Reflection for Tuesday June 25, 2019: 12th Week in Ordinary Time.

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Wirth, Eileen
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"He who does justice will live in the presence of the Lord." Psalm 15 In 1964 as the nation was rocked by urban riots, my mom took my sisters and me to New York for the World's Fair. For farm girls who had never traveled, seeing the Empire State Building, the Statue of Liberty and a Broadway play was exciting. But the sight I remember most was the shocking view of New York's slums during our train ride into the city. Suddenly the rioting we had watched on the TV made sense. I remember thinking that if I lived in these neighborhoods, I'd throw a brick too. I recalled that ride and the definition of justice I had memorized in grade school when I reflected on today's readings. Even as a teen-ager, I knew that slum conditions in New York didn't constitute "justice" and that fighting for justice was imperative if I took my religion seriously. The Catechism of the Catholic Church defines justice as working for equity among people. The full definition makes it clear that our faith obliges us to work for justice – it's not optional. This is especially true for those of us who won what I call "the birth lottery." We did so when we "picked" loving parents located in peaceful and reasonably prosperous locations that gave us a good start in life. I hate it when someone says, "I did it all myself" because no one succeeds on their own. Sure, we've worked hard but we had a huge head start if we "picked" parents who could afford to invest in our future. Justice demands that we recognize our totally random good fortune rather than taking credit for it. Unlike our parish's refugee family, I didn't have to flee my home due to ethnic cleansing or spend 12 years in a camp hoping to go somewhere better. I didn't have to drop out of school to help support my family. I'm not threatened with deportation because my parents brought me illegally to the U.S. as a small child. It's interesting to reflect on the difference between justice and charity which is wonderful but optional. Charity is fun because it's being lady bountiful. It's buying something that I don't need to help my granddaughter's summer project or doing something cool for my old Creighton department or my beloved Omaha Public Library. On the other hand, justice demands serious action against social evil – pick your cause although I keep coming back to refugees and migrants. When we perform acts of justice, we're not being noble. As the psalmist reminds us today, we're just trying to become worthy to "live in the presence of the Lord."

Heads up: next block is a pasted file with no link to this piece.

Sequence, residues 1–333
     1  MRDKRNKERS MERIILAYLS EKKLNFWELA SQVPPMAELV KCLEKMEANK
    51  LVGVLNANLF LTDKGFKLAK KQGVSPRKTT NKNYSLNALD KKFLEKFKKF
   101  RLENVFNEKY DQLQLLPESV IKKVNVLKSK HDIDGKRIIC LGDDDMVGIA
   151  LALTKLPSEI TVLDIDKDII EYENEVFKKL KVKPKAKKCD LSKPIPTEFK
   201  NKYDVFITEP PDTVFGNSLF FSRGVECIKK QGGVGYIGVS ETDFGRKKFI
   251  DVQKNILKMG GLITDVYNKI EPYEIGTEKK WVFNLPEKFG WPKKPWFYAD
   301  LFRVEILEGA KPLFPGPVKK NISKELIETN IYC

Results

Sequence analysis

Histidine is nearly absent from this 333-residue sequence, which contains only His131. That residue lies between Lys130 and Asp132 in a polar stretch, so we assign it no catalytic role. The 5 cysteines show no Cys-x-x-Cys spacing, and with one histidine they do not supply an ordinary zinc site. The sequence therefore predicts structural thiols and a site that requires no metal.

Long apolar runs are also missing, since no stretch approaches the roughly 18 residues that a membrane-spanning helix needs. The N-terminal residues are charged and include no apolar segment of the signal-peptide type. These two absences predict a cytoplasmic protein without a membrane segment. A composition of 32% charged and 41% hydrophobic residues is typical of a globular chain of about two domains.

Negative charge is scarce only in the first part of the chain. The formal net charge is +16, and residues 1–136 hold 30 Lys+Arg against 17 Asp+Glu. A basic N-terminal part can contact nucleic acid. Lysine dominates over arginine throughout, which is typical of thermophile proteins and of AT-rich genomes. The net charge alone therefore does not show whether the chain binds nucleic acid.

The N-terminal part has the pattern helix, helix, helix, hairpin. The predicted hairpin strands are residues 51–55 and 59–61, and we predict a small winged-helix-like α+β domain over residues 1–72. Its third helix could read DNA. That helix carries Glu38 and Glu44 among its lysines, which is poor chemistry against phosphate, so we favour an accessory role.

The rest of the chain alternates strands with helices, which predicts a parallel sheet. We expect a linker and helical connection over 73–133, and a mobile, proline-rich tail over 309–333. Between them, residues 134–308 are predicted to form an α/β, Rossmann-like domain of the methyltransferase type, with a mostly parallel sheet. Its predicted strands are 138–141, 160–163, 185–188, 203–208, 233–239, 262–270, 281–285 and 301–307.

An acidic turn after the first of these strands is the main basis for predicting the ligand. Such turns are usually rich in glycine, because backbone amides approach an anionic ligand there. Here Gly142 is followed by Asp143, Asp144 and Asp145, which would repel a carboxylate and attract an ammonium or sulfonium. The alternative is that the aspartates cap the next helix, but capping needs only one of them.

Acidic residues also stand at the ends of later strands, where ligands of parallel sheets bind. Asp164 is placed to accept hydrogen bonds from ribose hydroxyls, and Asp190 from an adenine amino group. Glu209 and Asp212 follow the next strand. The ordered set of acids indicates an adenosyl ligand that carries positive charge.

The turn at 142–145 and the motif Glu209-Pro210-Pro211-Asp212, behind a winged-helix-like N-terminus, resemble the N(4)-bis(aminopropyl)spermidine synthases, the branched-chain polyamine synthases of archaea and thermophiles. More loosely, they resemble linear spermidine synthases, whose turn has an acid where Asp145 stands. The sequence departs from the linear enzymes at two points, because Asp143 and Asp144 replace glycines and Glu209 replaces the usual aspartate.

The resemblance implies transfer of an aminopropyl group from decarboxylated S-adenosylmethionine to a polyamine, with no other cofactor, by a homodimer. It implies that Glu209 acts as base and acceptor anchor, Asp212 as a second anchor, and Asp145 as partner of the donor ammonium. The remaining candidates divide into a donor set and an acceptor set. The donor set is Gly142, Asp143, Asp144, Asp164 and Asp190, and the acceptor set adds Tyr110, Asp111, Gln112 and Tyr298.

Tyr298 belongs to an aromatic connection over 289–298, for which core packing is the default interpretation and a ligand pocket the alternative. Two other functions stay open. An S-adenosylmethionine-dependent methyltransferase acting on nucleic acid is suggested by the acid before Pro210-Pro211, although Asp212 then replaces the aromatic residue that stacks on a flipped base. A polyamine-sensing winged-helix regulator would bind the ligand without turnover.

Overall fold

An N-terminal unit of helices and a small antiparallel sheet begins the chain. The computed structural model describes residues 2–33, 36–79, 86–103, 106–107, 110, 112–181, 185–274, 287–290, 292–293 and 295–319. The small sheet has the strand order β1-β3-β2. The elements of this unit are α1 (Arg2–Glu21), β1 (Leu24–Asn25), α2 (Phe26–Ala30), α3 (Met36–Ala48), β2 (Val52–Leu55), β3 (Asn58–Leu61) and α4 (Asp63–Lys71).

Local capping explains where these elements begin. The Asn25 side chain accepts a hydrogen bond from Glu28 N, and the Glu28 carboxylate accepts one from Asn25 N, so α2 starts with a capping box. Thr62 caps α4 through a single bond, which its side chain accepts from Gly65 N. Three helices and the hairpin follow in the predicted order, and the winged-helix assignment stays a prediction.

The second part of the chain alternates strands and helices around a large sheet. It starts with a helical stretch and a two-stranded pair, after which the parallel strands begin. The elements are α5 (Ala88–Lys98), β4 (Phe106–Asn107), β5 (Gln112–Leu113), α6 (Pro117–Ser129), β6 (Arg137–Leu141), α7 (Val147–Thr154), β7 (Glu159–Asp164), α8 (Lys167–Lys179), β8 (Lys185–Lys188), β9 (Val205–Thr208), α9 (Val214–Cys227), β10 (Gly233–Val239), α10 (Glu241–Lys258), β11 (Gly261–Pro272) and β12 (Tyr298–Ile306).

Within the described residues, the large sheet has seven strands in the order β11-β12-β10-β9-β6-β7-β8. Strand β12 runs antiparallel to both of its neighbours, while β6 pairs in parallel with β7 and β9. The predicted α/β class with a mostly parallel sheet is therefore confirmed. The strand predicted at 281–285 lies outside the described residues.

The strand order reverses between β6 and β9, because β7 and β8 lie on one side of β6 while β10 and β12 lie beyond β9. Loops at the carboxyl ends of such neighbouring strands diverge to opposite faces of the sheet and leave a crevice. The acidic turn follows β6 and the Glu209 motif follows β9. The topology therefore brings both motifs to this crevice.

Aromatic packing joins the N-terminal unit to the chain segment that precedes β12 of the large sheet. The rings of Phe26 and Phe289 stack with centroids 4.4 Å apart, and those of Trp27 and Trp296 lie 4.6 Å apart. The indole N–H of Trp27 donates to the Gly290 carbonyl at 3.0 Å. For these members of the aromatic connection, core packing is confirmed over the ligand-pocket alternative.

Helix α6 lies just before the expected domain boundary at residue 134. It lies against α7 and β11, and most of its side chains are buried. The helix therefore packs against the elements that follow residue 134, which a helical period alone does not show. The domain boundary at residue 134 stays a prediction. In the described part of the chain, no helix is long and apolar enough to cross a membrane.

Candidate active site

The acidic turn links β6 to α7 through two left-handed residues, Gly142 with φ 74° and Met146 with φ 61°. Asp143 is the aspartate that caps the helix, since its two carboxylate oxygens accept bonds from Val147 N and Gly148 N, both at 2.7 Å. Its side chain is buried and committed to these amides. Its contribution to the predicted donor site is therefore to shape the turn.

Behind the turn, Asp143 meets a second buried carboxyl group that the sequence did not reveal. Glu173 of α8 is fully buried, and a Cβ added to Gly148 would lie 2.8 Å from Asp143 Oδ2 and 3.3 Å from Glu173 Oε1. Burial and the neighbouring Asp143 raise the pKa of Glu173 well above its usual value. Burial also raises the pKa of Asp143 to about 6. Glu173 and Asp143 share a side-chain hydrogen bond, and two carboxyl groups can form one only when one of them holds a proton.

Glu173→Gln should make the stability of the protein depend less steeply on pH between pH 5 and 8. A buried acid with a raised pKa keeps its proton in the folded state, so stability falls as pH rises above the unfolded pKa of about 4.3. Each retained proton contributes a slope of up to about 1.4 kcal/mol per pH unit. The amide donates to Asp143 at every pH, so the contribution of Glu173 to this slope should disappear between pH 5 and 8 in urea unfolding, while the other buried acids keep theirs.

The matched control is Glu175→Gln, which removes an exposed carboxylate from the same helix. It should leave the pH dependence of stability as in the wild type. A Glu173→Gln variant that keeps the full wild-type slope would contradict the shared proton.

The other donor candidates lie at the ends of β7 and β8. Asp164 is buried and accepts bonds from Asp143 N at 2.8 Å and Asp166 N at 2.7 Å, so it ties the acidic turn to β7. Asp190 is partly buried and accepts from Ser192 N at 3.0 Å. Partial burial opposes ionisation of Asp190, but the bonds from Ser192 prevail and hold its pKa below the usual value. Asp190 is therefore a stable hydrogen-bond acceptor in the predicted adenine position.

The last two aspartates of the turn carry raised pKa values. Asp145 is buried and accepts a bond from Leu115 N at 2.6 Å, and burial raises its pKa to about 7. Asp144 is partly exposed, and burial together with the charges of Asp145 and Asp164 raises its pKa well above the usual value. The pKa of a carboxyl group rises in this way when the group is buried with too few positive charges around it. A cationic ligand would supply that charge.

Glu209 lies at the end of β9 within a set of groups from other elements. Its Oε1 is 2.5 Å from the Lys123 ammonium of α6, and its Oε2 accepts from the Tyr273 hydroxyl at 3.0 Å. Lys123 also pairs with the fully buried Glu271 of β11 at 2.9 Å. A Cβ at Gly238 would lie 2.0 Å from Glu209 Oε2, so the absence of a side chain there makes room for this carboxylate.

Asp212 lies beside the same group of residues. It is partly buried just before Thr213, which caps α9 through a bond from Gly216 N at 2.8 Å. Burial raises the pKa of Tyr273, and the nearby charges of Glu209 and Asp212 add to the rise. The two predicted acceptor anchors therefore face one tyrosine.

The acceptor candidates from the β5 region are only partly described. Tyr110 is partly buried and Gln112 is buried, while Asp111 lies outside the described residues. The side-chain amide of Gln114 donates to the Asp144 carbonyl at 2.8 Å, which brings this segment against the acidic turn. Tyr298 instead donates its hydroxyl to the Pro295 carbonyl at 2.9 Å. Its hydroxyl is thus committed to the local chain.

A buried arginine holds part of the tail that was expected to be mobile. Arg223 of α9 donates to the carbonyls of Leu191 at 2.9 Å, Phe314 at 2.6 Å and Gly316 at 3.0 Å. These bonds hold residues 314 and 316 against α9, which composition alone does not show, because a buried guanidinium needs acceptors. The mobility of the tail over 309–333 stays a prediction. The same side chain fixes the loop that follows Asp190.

University Ministry, Creighton University.
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